Photo : Brigitte Lacombe
En Silence is a short story by Japanese writer Yasunari Kawabata whose subtle and nuanced universe, written in fluid and poetic prose, has inspired the duo of renowned film music composer Alexandre Desplat which is the first work for opera, and director-musician Solrey to create a chamber opera.
The opera will be performed February 26 and 27 at the Grand Théâtre de Luxembourg and March 2 and 3 at the Théâtre des Bouffes du Nord in Paris.
Just as Kawabata’s literature opens the reader’s imagination to infinity, Desplat’s cinema scores evoke evanescent melancholy, sustained emotions and subtle sensations and thus create the perfect connection to the invisible and intangible matter of this novella.
Director Solrey has gathered a team comprising the actor Sava Lolov, the singers Camille Poul et Mikhail Timoshenko (noticed in the Jean-Stéphane Bron’s documentary) and Luxembourg’s United Instruments of Lucilin to create this mysterious universe
World premiere - 26 & 27 February, Grand Théâtre du Luxembourg
French premiere - 2 & 3 March, Théâtre des Bouffes du Nord, Paris
En Silence, a miniature literary gem with an enigmatic title in which the fantastic, the absurd and the tragic inter twine, seems to open up a musical universe with a dimension both in tune with and close to my aesthetic: a chamber opera.
From Hiroshige’s prints to Haiku, from the cinema of Mizogushi to the Way of Tea, from Kabuki theatre to the scores of Takemistsu, Japanese culture has contributed greatly to my artistic development.
Yasunari Kawabata’s text is built around the number 3. As is the opera: 3 acts, 3 characters: The Master (narrator), Mita (bass-baritone), Tomiko (soprano). The musical ensemble is also fashioned around the number 3. 3 flutes, 3 clarinets, a string trio and percussion make the connection with the classification of Gagaku orchestras comprised of several groups of 3 identical instruments.
The musical composition avoids vocalisation and demonstrative prowess. The range of nuances is limited, thus preser ving the reserve and tension of the huis clos, the obsessive questioning of the disciple and the singularity of the increasingly odd relationship between Tomiko and her father.
The score follows the progression of the characters and the development of the drama stretching the singers’ vocal registers to the limits, sometimes bringing them close to unison and allowing a sense of ambiguity to take root vis-à-vis their genre in a way that was so dear to Yasunari Kawabata.
Since the short story was written in the first person, Solrey and I decided whilst writing the libretto to give the narrator a voice that would punctuate the questioning of the young disciple, becoming, in turn, the voice of the taxi driver, the old aphasic writer and the young madman.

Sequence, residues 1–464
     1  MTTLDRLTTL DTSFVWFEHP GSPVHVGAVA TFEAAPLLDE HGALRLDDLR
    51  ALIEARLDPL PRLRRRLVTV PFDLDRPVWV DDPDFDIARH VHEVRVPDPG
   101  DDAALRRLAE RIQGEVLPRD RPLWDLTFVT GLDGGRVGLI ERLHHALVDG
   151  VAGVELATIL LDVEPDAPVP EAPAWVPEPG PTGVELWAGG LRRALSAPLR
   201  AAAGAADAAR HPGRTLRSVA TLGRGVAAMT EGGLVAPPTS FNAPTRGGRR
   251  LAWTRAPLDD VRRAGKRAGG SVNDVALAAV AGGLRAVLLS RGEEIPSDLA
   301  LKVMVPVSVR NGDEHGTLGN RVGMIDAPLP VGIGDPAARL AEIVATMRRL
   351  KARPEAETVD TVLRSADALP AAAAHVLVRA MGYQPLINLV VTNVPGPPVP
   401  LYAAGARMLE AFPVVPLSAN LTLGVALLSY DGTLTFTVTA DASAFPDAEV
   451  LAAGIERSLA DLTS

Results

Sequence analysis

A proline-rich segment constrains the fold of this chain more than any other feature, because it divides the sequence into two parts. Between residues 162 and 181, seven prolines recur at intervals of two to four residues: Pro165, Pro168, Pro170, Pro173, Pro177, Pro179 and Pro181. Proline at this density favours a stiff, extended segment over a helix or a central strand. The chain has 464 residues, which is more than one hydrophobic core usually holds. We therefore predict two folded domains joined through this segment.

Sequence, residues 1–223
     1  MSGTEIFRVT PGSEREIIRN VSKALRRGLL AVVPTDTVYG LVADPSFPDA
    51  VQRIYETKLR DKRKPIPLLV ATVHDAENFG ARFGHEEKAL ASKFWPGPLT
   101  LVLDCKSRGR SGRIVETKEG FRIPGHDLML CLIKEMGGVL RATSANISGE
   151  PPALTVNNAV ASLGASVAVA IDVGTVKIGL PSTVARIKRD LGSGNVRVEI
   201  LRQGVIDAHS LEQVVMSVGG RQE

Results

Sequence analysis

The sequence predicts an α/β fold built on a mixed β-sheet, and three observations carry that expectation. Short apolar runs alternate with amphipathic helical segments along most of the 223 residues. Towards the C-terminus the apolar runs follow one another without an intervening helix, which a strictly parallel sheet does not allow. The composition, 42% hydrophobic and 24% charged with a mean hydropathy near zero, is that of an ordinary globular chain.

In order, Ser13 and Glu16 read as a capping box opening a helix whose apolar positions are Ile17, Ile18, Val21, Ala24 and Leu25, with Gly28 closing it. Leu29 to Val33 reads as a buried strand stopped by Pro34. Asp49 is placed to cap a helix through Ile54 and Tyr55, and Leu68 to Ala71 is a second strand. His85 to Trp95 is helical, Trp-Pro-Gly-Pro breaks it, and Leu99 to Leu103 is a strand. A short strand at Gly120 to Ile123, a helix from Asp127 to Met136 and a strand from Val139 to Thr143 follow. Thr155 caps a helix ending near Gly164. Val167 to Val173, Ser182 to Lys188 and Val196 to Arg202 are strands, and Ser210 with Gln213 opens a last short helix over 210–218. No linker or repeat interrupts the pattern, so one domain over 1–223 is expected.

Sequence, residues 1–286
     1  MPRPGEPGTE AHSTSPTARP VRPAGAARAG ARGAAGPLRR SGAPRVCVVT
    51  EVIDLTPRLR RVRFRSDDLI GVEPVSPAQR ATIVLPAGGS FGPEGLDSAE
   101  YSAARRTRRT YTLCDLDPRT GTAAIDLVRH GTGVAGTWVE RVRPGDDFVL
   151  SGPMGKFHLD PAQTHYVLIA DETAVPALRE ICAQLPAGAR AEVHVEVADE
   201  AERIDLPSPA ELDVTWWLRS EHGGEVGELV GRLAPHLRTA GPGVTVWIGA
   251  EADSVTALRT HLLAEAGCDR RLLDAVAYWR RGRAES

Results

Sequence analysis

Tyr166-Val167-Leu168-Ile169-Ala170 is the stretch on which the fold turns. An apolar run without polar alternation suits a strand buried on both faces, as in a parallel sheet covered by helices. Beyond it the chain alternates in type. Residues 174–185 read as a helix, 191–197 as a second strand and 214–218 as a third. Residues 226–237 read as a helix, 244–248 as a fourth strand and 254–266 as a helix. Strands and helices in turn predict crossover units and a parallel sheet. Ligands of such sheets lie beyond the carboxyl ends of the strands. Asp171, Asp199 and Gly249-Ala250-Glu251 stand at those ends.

A melodic motif also haunts the score to evoke the presence of the ghost of a young woman.
The paralysed writer Omiya Akifusa is deprived of his language, his gestures and his words.
How can a creative individual still live when deprived of his means of artistic expression?
What becomes of his stor y, his past, his present and how does the Other invent his future? Interwoven with questions on creation, transmission, memory, and loss, Yasunari Kawabata’s metaphysical short stor y oscillates between apparition and extinction and brings into play an alternation between the tangible and the world beyond, the inner and the outer, silence and music.
The road that leads Mita to the home of the Master and his daughter Tomiko is an initiator y journey through a tunnel near a crematorium where errant souls mingle with the ghost of a young woman.
Who is she? What does she symbolise? Will she materialise?
The journey takes us to the edges of this strange tale in which the audience is led into an irrational, ambiguous world where oftgrotesque humour combines with tragedy to witness the metamorphosis of Tomiko, a young woman sacrificed to the father figure.
For this chamber opera production with its spellbinding music and lyrics by Alexandre Desplat, the singers will move about in a horizontal, abstract, minimalist space. Their songs will seem to be enveloped in a spectral light to create a floating, indistinct, ghostly world.
The ten musicians at the rear of the stage will appear as key characters in the dramaturgy. Dressed in baroque costumes and positioned in a single, slightly raised line, they will appear to represent a luminous chromatic scale: the reminiscence of an orchard in springtime, offering an open and vibrant horizon for the Master’s gaze, a depth of field conducive to bringing life to dead souls capable of being reborn indefinitely in this pursuit of beauty, this quest for Nature so dear to the author.
In the centre of the stage, a black and white space represents the house where the Master will sit in silence with his back to the audience; a fundamental presence facing the musicians and flanked by the two singer-protagonists Tomiko and Mita.
Downstage – an area symbolic of writing – the narrator will perform several roles and take possession of the story.
Between these three materialised worlds, a mental space will emerge through a video haunted by the image of the writer : symbols, calligraphy, phantasms, flashes.
Adapting and directing the short story En Silence, is a fundamental experience: an act of resilience, echoing the deep wound caused by the silence of my violin.